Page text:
West Bromwich Albion vs Stoke – Prediction Home win

Result – West Bromwich 1 Stoke 0


Brown Ideye headed the decisive goal early on but the hosts could have had more in a dominant display that lifts them 11 points clear of the drop zone.

Saido Berahino flashed a shot across the face of goal, before Asmir Begovic did well to deny Ideye with a fine low save after the break.

Stoke threatened sporadically, with Peter Crouch seeing a header charged down after Ben Foster fumbled a cross.

Bournemouth vs Blackpool – Prediction Home win

Result – Bournemouth 4 Blackpool 0


Brett Pitman's first-half hat-trick sealed Bournemouth's return to the top of the Championship with victory against bottom side Blackpool.

Pitman cutely headed in a second and then drilled a third as Blackpool crumbled before half-time.

Callum Wilson's spot-kick sealed the Seasiders fate after the break.

Pitman was a prominent figure throughout and might have added to his treble had referee Chris Sarginson awarded a penalty when he went down in the box in the opening period.

Blackpool came into the match on a run of four straight defeats and were always on the back foot, even before Pitman sauntered forward and slotted the ball past keeper Parish for the opener.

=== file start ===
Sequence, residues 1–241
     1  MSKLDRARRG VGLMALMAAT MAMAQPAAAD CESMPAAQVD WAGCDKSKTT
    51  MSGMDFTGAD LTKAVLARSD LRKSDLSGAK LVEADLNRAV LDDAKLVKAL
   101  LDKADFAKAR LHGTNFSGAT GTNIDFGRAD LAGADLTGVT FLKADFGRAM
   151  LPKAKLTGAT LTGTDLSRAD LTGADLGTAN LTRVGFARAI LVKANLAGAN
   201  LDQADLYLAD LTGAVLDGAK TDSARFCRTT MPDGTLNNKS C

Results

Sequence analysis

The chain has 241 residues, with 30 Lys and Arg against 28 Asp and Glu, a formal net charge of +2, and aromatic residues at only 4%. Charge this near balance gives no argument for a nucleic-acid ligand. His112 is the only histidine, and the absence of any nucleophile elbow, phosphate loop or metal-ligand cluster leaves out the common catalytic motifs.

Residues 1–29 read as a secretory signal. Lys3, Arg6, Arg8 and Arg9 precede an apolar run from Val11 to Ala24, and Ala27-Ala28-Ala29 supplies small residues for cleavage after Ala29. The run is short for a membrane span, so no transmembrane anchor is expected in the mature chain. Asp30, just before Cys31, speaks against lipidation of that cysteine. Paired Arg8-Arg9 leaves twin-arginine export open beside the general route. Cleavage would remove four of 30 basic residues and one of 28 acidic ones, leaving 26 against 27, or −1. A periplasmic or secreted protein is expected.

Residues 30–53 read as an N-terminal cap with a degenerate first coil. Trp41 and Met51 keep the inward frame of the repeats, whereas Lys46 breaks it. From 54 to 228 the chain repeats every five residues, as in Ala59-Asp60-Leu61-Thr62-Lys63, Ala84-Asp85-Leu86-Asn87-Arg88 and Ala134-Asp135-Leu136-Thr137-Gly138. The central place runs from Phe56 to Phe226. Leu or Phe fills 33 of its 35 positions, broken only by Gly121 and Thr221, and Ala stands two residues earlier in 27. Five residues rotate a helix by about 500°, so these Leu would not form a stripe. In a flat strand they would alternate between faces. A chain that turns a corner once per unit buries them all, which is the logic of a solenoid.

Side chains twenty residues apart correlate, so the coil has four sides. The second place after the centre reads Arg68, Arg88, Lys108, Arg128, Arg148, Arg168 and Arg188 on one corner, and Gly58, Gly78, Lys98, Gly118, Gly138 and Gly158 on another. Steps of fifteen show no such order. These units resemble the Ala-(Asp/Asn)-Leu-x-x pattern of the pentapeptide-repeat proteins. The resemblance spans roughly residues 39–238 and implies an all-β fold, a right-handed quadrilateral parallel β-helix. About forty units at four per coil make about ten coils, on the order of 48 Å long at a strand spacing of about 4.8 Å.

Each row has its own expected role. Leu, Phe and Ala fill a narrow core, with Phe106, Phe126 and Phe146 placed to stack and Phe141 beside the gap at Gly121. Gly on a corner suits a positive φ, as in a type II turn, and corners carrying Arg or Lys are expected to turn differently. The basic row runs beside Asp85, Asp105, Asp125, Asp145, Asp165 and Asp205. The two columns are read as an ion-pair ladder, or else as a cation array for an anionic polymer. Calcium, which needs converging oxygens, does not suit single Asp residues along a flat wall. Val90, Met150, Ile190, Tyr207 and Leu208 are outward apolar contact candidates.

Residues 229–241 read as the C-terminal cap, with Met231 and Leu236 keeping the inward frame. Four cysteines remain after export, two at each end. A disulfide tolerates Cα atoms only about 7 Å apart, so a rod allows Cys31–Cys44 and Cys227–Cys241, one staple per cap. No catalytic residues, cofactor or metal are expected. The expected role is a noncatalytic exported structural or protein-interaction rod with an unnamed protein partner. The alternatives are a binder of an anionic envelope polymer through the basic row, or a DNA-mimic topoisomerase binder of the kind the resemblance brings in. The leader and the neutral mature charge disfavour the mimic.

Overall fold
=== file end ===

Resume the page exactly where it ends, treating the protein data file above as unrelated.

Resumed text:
Parish was wrong-footed by Pitman's clever header, his 100th Cherries goal, and the ex-Bristol City keeper could have done better with the third when the Jersey-born striker's shot went in for the matchball.

There was no change in momentum for the second half, with Wilson stepping up for his 19th goal of the season from the spot after Marc Pugh's run was ended by a foul inside the box.


Portsmouth vs Luton – Prediction Home win

Result – Portsmouth 2 Luton 0


Matt Tubbs gave Pompey an early lead with a superb flick from a ball into the box by Jed Wallace, who then crossed for Ryan Taylor to make it 2-0.

Luke Wilkinson had a header cleared off the Pompey line for Luton late on, but the Hatters drew a blank.

We’ve not had a manager talking bollocks for a while, so here is Portsmouth manager Andy Awford.

"It's a real good win for us and we're delighted with the three points.

"The atmosphere was electric. The supporters were unbelievable and we responded to it.